Andy wants to cycle from Land's End to John o'Groats. Will he be able to eat enough to keep him going?

Many physical constants are only known to a certain accuracy. Explore the numerical error bounds in the mass of water and its constituents.

Which dilutions can you make using only 10ml pipettes?

Examine these estimates. Do they sound about right?

Can you suggest a curve to fit some experimental data? Can you work out where the data might have come from?

Get some practice using big and small numbers in chemistry.

Use the computer to model an epidemic. Try out public health policies to control the spread of the epidemic, to minimise the number of sick days and deaths.

Where should runners start the 200m race so that they have all run the same distance by the finish?

Can you draw the height-time chart as this complicated vessel fills with water?

Work out the numerical values for these physical quantities.

Could nanotechnology be used to see if an artery is blocked? Or is this just science fiction?

Can you rank these sets of quantities in order, from smallest to largest? Can you provide convincing evidence for your rankings?

Formulate and investigate a simple mathematical model for the design of a table mat.

Imagine different shaped vessels being filled. Can you work out what the graphs of the water level should look like?

Estimate these curious quantities sufficiently accurately that you can rank them in order of size

Use your skill and knowledge to place various scientific lengths in order of size. Can you judge the length of objects with sizes ranging from 1 Angstrom to 1 million km with no wrong attempts?

When you change the units, do the numbers get bigger or smaller?

Analyse these beautiful biological images and attempt to rank them in size order.

Can Jo make a gym bag for her trainers from the piece of fabric she has?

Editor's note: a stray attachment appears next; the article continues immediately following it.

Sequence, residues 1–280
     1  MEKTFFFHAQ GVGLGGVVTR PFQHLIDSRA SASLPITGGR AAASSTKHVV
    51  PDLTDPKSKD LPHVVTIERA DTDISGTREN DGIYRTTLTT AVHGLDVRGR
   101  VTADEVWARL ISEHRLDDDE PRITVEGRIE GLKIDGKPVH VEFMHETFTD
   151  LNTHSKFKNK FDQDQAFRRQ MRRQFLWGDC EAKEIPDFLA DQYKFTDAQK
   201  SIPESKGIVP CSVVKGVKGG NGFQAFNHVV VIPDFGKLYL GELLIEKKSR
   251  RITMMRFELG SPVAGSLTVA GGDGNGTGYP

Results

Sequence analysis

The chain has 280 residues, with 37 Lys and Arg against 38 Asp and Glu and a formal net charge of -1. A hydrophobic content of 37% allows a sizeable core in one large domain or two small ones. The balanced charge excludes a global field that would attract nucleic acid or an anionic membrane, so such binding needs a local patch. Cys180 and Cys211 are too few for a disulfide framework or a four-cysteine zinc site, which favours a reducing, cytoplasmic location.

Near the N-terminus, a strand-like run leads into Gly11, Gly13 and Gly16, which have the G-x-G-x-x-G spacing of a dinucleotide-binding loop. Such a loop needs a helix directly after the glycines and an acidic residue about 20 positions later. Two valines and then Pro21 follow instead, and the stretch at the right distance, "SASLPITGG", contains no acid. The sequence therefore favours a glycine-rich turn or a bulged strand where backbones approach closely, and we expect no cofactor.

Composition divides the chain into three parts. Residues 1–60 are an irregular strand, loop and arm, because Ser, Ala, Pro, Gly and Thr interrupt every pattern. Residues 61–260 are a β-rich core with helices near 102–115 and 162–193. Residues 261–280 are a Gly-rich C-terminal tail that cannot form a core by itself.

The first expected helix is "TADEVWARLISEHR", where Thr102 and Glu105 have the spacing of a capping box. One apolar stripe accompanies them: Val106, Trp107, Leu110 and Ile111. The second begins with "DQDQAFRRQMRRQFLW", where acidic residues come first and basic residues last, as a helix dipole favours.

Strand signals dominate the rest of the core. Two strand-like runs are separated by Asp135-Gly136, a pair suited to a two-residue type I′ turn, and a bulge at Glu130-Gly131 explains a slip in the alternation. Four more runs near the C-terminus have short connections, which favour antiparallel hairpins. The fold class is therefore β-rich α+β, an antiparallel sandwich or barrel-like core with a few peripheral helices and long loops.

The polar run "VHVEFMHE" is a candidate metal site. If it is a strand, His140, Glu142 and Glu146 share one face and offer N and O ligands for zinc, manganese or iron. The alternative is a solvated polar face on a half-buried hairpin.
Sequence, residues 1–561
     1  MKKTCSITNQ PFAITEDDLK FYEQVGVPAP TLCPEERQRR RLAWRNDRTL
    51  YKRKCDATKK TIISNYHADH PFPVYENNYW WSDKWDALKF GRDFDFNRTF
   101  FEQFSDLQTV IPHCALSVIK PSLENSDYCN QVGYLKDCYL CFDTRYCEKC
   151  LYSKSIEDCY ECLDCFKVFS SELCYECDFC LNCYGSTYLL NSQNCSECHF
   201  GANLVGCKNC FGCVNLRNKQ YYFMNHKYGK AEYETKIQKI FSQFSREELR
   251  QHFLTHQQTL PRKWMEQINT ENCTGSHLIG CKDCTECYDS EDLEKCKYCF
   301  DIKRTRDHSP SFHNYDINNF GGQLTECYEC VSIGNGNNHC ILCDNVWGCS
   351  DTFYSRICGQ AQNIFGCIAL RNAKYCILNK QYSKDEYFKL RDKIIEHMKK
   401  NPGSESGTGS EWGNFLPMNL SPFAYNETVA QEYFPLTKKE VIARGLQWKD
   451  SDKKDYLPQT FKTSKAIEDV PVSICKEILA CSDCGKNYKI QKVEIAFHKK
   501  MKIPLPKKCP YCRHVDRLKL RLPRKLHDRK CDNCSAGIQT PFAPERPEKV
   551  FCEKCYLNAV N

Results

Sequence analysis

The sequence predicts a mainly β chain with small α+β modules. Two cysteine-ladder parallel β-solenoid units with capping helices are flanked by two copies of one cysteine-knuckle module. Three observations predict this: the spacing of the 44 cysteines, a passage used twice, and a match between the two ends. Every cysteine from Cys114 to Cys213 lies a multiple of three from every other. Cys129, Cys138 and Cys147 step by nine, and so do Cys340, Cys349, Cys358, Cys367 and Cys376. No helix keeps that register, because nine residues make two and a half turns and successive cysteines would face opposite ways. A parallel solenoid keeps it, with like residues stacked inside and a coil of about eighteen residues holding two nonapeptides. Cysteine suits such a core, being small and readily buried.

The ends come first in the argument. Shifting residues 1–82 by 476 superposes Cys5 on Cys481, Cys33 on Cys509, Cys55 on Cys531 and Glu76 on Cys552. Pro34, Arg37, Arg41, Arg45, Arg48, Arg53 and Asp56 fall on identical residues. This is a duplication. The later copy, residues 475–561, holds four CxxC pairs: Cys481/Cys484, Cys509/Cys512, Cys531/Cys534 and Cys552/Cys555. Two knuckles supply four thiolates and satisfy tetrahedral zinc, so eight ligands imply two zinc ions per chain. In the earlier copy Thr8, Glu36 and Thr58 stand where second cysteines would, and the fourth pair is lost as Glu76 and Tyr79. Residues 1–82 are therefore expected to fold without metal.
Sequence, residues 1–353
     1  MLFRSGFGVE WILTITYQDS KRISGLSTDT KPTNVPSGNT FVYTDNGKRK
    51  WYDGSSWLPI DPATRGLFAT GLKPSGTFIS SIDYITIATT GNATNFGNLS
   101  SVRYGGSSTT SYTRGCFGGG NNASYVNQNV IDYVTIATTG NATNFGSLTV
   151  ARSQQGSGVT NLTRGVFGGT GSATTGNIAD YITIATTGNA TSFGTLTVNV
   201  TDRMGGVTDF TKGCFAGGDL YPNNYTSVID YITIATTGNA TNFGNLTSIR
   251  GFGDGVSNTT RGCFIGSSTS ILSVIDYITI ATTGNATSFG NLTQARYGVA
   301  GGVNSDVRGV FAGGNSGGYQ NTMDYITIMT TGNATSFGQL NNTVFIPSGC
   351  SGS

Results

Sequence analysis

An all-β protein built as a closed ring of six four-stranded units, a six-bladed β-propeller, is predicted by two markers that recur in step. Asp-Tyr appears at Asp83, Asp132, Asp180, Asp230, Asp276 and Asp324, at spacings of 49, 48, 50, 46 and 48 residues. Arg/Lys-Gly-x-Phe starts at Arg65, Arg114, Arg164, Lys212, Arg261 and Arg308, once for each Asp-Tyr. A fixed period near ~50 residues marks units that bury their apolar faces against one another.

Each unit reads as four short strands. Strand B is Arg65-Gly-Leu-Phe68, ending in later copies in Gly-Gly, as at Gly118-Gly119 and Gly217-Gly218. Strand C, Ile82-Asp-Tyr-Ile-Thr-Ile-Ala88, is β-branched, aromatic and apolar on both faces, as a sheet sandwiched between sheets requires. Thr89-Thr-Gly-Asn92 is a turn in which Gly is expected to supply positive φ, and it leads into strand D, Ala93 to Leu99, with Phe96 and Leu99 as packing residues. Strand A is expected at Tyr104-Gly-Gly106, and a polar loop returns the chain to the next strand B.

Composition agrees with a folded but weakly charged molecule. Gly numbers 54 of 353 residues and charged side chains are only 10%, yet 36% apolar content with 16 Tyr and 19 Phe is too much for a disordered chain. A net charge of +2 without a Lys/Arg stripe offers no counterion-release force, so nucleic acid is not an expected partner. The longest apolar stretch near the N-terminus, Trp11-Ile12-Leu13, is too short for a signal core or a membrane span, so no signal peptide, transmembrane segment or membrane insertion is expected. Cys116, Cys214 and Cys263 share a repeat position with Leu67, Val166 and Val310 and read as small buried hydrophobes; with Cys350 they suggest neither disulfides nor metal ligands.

Water freezes at 0°Celsius (32°Fahrenheit) and boils at 100°C (212°Fahrenheit). Is there a temperature at which Celsius and Fahrenheit readings are the same?

An observer is on top of a lighthouse. How far from the foot of the lighthouse is the horizon that the observer can see?

Work with numbers big and small to estimate and calculate various quantities in physical contexts.

Work with numbers big and small to estimate and calculate various quantities in biological contexts.

Which units would you choose best to fit these situations?

Is it cheaper to cook a meal from scratch or to buy a ready meal? What difference does the number of people you're cooking for make?

Investigate circuits and record your findings in this simple introduction to truth tables and logic.

In which Olympic event does a human travel fastest? Decide which events to include in your Alternative Record Book.

How do you write a computer program that creates the illusion of stretching elastic bands between pegs of a Geoboard? The answer contains some surprising mathematics.

Learn about the link between logical arguments and electronic circuits. Investigate the logical connectives by making and testing your own circuits and fill in the blanks in truth tables to record. . . .

Simple models which help us to investigate how epidemics grow and die out.

In Fill Me Up we invited you to sketch graphs as vessels are filled with water. Can you work out the equations of the graphs?

What shapes should Elly cut out to make a witch's hat? How can she make a taller hat?

Make an accurate diagram of the solar system and explore the concept of a grand conjunction.

How would you design the tiering of seats in a stadium so that all spectators have a good view?

Can you work out which processes are represented by the graphs?

10 graphs of experimental data are given. Can you use a spreadsheet to find algebraic graphs which match them closely, and thus discover the formulae most likely to govern the underlying processes?

How would you go about estimating populations of dolphins?

The triathlon is a physically gruelling challenge. Can you work out which athlete burnt the most calories?

Work with numbers big and small to estimate and calulate various quantities in biological contexts.

Explore the relationship between resistance and temperature

This problem explores the biology behind Rudolph's glowing red nose.

Can you visualise whether these nets fold up into 3D shapes? Watch the videos each time to see if you were correct.

Which countries have the most naturally athletic populations?

Make your own pinhole camera for safe observation of the sun, and find out how it works.